How Andy Reid's history might impact the draft

Jasen Vinlove-USA TODAY Sports

From the FanPosts -- JD

It's mock draft season.

Everyone has one. Thanks to countless apps, we can all even make our own. Overall, I think there is more draft coverage than ever before. But mock drafts, however, do a worse job of predicting what will happen -- especially after the first 8 to 12 picks.

As mock drafts have started appearing, I have looked at Kansas City Chiefs head coach Andy Reid's drafts -- since 2013 in Kansas City and when he was with the Philadelphia Eagles from 1999 through 2012. I know Reid does not have personnel control, but he has always had a reputation for being involved in the draft process. In addition, he has always been paired with general managers who share his philosophy about which positions should take priority and what kind of players he values.

So I made a list of how Reid's teams have used top 100 picks in the draft. By my count, Reid's teams have made 64 of those picks.

I have grouped them by position. Please note that I have done this based on what position they played in the NFL. For example, Dee Ford is counted with the defensive line and pass rush -- even though he was listed as a linebacker on draft day.

Here's what I found -- showing the number of picks used for each group and the last player drafted:

Some trends I have noticed:

  1. A Reid team has never taken a running back or a linebacker (other than a pass rusher) in the first round. Those are two positions to which the Chiefs currently seem connected. The 32nd pick is far enough down that I think the Chiefs could break that trend this year, but think it would be surprising for Reid -- during his 22nd draft -- to display a change in philosophy.
  2. Last year, the Chiefs' first three picks were at wide receiver, defensive back and defensive line. It shouldn't surprise anyone if those positions -- perhaps in a different order -- make up the team's first three picks in 2020. Over 60% of Reid's top 100 picks have been used for those positions. Part of smart cap management is having a steady supply of such players, who are very expensive to acquire in free agency. Reid -- and the people around him -- clearly value athleticism at these position groups in the top half of the draft.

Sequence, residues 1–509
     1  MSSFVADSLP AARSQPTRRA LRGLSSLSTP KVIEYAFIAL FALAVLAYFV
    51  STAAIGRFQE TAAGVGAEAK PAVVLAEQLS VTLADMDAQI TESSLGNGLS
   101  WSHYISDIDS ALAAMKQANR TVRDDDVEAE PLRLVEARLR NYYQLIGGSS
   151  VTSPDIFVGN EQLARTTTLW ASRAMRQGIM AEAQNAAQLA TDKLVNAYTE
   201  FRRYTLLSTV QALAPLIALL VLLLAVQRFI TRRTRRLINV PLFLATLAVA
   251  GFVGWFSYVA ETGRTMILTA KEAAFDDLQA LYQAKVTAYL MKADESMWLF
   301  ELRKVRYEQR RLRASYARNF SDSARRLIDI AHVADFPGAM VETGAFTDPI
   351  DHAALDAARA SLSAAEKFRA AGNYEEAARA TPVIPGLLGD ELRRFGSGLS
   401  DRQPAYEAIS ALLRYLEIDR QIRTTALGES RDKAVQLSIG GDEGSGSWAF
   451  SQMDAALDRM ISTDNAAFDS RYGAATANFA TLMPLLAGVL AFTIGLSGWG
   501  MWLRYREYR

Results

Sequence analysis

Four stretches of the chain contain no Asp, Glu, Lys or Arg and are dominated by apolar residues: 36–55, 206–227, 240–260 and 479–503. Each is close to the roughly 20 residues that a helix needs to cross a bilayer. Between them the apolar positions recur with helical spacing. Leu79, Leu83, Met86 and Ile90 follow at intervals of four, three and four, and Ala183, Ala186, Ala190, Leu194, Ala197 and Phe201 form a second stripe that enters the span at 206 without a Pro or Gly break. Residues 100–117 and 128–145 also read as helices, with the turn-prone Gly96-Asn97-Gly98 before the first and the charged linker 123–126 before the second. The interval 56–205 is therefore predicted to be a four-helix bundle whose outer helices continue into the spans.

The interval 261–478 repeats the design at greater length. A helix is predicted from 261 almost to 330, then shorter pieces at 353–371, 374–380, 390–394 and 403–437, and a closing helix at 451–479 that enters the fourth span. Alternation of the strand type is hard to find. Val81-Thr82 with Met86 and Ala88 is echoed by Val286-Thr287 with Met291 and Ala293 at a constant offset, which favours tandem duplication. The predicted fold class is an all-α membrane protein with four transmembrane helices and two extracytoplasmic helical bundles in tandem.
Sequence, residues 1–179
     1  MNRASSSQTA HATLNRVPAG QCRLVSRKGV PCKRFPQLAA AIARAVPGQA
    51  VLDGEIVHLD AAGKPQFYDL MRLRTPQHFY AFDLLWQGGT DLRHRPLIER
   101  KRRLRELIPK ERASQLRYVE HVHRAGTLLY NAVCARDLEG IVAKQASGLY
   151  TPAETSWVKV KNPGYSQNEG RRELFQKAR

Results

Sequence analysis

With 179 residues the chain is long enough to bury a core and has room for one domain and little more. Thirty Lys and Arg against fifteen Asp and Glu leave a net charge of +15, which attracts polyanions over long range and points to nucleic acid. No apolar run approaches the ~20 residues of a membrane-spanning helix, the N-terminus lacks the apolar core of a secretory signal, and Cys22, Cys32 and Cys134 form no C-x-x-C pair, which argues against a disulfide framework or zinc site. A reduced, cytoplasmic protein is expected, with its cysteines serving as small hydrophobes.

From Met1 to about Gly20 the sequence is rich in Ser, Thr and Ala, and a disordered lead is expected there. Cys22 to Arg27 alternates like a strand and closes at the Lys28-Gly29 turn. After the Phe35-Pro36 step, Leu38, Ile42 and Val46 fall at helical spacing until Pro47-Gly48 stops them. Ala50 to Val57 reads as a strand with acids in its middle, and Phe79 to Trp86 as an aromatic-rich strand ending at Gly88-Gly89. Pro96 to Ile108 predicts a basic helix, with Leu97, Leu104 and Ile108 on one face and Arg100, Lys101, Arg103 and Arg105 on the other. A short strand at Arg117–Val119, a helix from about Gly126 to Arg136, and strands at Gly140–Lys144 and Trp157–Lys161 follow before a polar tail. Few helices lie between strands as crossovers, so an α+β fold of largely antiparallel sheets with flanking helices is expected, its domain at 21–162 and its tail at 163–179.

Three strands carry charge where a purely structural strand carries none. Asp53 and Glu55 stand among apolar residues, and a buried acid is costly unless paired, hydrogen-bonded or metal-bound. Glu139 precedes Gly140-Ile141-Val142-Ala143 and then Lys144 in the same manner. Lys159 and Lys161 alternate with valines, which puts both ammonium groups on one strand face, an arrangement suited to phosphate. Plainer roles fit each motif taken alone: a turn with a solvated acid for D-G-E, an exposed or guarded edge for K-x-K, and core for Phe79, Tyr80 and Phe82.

3. Reid seems to have become less willing to address the the offensive line in the earlier rounds than he used to be. But with a ton of money tied up in three offensive linemen during the next two years, I think there is a chance that could change in this draft.
  4. I don't know when Reid will next draft a tight end in early rounds -- but when he does, he won't be drafting someone to complement Travis Kelce. Instead he'll be drafting the next Kelce. Whether here or in Philadelphia, Reid has never shown any interest in a two tight end arrangement like Rob Gronkowski and Aaron Hernandez. Since Reid has been with the Chiefs, no second tight end has gained more than 226 yards. Given Kelce's target share, that is probably the ceiling for the second tight end -- which makes it likely that the position won't be a huge draft priority.
  5. Reid and those around him will always value raw athletic ability over refined technique. He has generally drafted players with high-ceiling athletic ability instead of those who are sure things with high floors. For some highly-drafted players -- like Eric Fisher, Dee Ford and Tanoh Kpassagnon -- it has taken time to see a return on the team's draft investment.

About 10 weeks from now -- when we are wondering why a position wasn't addressed or why the the team chose a player with less college production than we would have liked -- this will be the history to consider.

Thanks for reading!

This is a FanPost and does not necessarily reflect the views of Arrowhead Pride's writers or editors. It does reflect the views of this particular fan though, which is as important as the views of Arrowhead Pride writers or editors.